Image: Left a set of sea caves, top right is a large sea cave with a sandy beach, middle, sandy beach but too hard to approach with the surf, bottom more sea caves.

Escudo de Veraguas, Bocas del Toro

Escudo de Veraguas, Bocas del Toro

We had hoped to go snorkeling and or exploring on shore, but the dreary rain kept us on the boat.  It finally cleared around 1700 so we hopped in Sweetie to go check out the massive sea caves.  This island is pretty remarkable with drastically different landscape.  At one side of the island there is a beach and the other side has huge cliffs with little inlets.  Keep in mind that these two landscapes are on the same side of the island, just different ends.

It was a very rolly anchorage making it uncomfortable to stay more than one night.  We had hoped to remain here for a few nights to clean the hulls and waterline and install the new wind index but the weather conditions made it too unpleasant.  So, we left the next day and headed to a very small anchorage called Euero.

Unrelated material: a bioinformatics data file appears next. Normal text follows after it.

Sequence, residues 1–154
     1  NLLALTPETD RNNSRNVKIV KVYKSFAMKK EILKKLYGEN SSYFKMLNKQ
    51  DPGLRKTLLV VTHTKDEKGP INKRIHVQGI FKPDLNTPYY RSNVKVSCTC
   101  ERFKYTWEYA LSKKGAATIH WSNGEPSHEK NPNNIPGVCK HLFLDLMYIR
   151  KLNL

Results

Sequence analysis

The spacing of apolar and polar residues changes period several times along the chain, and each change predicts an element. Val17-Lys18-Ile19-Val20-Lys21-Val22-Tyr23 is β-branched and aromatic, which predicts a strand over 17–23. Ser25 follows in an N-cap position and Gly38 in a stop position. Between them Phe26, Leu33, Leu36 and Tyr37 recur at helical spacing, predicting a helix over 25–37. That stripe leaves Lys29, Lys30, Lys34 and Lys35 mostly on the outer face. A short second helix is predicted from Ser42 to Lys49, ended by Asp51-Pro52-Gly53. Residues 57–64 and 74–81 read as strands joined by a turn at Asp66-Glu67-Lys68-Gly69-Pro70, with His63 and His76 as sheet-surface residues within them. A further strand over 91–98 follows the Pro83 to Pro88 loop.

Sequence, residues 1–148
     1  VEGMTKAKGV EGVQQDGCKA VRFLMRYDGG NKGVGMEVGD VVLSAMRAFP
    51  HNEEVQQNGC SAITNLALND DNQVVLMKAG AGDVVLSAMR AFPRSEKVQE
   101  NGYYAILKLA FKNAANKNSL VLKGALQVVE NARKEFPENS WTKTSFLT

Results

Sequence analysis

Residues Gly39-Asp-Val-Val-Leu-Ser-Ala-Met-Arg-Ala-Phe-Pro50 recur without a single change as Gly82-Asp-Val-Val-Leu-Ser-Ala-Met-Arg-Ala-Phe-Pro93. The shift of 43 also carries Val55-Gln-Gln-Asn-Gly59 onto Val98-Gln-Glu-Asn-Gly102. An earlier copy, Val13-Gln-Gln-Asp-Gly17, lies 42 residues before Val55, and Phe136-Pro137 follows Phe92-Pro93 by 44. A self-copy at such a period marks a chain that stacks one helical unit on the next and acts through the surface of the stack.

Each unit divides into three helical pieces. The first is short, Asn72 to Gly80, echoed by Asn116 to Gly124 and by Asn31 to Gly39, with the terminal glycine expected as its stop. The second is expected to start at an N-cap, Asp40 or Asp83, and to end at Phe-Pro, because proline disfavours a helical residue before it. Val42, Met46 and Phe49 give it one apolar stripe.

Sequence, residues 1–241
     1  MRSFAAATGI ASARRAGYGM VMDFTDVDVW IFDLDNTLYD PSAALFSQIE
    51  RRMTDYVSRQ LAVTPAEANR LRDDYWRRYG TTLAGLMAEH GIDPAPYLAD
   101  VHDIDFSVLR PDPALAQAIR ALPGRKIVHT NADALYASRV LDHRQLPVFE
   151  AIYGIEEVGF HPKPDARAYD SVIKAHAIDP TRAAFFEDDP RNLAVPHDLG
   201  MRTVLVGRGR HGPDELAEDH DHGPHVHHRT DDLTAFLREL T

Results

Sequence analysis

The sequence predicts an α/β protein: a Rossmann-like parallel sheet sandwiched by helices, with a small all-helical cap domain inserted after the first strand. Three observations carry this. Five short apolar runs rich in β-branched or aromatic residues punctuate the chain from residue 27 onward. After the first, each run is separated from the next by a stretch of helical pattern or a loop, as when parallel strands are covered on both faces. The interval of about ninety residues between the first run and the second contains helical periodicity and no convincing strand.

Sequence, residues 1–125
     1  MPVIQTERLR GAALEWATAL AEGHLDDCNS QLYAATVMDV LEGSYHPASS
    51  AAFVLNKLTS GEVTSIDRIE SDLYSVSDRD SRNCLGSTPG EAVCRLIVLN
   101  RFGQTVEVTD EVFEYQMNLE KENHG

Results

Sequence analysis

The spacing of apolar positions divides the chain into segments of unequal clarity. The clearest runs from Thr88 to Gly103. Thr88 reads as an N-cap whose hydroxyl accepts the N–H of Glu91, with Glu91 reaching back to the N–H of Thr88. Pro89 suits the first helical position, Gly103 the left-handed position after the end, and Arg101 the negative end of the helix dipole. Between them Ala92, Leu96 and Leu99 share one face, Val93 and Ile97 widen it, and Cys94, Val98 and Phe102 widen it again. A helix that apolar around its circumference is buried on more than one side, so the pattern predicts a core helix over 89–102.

Euero is a 46 mile passage from Escudo de Veragas. The good thing about this weird weather pattern is that the waves were actually going with us rather than against us.  We ended up motor sailing most of the way and arrived around 1600.  The anchorage is supposed to be one of the calmest anchorages along the coast.  However, with the northerly winds it was like being inside a washing machine.  We tooled around trying to see if we could make it work, but decided it was not worth it.  Even though we just spent 7.5 hours on the water, we decided to continue on to Rio Chagres, another 90 miles (or 15 hours).  Will be a long passage and longer day.

No matter how we did the math, we were going to arrive in the middle of the night and that is not good. The entrance to Rio Chagres is challenging enough during the day so we were going to have to figure something out along the way.  Matt took the first shift from 1900-2100, then Wayne took the next shift 2100-0100 and I came up at 0100.

We were blessed with a gorgeous sunset and moon rise.  I tweaked the moon photo too much, but I think it is still pretty.

Sunset and Moonrise underway

Sunset and Moonrise underway